Japan’s role in “New Cold War” Japan’s role in “New Cold War”

Japan’s role in “New Cold War”

    NHK World
    Senior Commentator
    The Group of Seven nations ended their recent summit by presenting a united front against China, calling out the country over human rights concerns and territorial aggression. It is the latest development in what some are calling a “new Cold War,” and though Japan is a G7 member, one former senior Japanese diplomat says it’s also well situated to mediate between the two sides.

    In a communique issued after the summit in Cornwall, G7 leaders underscored the importance of peace and stability across the Taiwan Strait and called on Beijing to respect human rights in Xinjiang and Hong Kong.

    According to Tanaka Hitoshi, Chairman of the Institute for International Strategy and a former Deputy Minister for Foreign Affairs, the hardline tone of the statement bears all the fingerprints of Washington, which hopes to maintain a confrontational approach to China.

    Tanaka says the United States already had a strong alliance with Japan, Korea, and Australia that can curb China’s activities in the Indo-Pacific region, and now it appears to be bringing its European allies into the fold. “With the result of the summit, I think there is now sort of emerging a strong deterrence against activities in China,” he says.

    Beijing quickly hit back at the G7 in a news conference on Tuesday. Chinese Foreign Ministry spokesperson Zhao Lijian called out the US specifically, saying the country was “very ill” and that the G7 should “take its pulse and come up with a prescription.”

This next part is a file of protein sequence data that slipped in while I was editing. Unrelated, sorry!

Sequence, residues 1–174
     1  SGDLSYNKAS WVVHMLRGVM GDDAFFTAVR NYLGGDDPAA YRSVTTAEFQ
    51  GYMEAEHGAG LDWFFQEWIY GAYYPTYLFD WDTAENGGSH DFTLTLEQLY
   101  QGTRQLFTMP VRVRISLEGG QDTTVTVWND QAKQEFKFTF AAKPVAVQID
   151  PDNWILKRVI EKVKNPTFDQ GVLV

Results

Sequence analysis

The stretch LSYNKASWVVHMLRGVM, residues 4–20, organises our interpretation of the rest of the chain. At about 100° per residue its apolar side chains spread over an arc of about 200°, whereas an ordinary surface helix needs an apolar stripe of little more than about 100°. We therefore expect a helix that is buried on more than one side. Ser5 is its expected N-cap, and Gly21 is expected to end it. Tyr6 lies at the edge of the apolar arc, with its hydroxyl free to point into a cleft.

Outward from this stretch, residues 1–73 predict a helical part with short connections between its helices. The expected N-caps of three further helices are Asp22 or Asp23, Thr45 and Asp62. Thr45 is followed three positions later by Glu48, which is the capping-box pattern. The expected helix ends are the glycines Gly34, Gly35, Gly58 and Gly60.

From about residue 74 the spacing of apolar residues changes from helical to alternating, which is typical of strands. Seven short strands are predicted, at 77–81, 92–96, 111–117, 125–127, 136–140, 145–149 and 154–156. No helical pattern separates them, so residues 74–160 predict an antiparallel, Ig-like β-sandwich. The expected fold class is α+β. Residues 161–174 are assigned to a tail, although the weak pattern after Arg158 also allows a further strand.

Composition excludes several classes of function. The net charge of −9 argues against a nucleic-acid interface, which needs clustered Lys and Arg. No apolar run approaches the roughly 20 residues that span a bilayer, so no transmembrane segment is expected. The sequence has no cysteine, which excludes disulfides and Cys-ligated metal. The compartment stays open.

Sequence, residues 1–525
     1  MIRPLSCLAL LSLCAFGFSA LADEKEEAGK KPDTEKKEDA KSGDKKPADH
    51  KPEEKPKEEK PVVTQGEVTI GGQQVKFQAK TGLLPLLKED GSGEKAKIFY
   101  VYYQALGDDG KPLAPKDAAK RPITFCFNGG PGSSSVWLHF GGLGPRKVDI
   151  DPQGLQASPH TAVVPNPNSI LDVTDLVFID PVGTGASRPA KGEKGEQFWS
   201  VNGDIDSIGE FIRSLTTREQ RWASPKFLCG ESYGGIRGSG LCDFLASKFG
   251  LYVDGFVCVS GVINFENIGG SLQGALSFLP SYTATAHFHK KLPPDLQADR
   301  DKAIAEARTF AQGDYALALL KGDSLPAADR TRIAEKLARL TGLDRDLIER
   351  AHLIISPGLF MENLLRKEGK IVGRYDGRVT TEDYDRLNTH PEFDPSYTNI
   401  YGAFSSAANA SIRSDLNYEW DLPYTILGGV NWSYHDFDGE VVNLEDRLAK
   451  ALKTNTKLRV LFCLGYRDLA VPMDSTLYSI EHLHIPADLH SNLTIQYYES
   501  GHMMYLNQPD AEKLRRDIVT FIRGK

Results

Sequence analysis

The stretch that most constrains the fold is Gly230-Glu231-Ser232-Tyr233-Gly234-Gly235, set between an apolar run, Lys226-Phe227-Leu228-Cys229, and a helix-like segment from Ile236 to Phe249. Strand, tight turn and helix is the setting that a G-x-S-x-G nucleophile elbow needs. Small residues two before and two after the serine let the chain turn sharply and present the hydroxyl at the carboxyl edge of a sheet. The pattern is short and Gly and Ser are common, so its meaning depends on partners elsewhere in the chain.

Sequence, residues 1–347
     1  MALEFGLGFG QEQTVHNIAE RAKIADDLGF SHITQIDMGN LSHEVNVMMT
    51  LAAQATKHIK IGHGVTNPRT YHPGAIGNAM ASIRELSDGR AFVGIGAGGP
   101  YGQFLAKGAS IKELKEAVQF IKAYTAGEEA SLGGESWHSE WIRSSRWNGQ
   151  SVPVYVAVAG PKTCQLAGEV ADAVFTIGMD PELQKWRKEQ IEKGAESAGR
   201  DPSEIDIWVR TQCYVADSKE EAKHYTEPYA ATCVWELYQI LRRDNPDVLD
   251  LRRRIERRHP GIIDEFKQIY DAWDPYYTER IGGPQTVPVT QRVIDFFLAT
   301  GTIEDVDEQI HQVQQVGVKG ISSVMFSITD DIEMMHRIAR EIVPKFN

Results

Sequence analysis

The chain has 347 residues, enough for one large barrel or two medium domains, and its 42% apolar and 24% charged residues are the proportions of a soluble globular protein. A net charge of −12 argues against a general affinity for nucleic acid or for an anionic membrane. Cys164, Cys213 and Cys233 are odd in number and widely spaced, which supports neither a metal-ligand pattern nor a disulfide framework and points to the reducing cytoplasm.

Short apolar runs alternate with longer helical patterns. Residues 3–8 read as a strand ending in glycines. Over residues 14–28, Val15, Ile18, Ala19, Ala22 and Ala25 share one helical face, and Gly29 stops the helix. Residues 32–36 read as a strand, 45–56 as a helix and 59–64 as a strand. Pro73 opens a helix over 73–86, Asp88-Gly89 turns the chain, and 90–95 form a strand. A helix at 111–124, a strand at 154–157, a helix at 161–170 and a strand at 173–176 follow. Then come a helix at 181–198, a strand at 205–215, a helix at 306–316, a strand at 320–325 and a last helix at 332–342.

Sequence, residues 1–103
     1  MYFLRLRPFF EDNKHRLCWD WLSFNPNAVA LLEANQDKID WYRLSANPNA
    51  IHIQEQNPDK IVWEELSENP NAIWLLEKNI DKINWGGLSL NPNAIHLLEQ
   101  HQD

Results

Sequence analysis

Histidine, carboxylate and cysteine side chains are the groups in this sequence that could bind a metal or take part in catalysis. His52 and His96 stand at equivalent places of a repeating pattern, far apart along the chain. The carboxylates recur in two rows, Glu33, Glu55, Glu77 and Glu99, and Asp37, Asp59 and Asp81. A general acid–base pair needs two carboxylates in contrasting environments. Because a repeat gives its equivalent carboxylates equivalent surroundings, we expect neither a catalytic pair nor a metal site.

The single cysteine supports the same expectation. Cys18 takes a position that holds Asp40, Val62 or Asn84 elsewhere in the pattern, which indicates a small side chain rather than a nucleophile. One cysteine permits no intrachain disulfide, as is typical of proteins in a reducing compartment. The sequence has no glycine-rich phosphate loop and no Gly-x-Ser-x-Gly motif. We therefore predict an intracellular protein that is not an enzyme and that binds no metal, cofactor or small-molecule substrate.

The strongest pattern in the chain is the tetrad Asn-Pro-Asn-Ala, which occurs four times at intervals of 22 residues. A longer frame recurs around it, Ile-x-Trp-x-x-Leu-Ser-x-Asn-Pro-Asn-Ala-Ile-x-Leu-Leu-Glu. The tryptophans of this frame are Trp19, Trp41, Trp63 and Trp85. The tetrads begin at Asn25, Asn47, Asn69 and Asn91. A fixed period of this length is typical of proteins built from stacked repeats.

While some analysts have described the current state of affairs as the start of a “new Cold War”, Tanaka says there is a crucial difference this time around: deep economic integration and interdependence.

    “During the Cold War, we were able to separate the Eastern Bloc,” Tanaka says. “Economically, there was not much at all between the US and the Soviet Union. But today we have a huge amount of trade and investment relations with China. Not just Japan, but the United States and Europe as a whole. The United States currently is talking about the huge deficit it has with China.”

    At the summit, Japanese Prime Minister Suga Yoshihide seemed largely in line with the adversarial approach to China. He conveyed concerns over Beijing’s maritime activities and human rights record on the second day of the meeting, saying they were not compatible with the values of the G7.

    But despite this, Tanaka says Japan is in a unique position to ensure a measure of stability in the relationship between China and the G7, and possibly even encourage the leadership in Beijing to change.

    “Japan knows a lot about China. We have fought but we also have a very long traditional relationship. I think the concept of an Asia-Pacific accommodating China and the United States would be a major vehicle for Japan to work for the sake of changing China.”

    Watch video: 13:53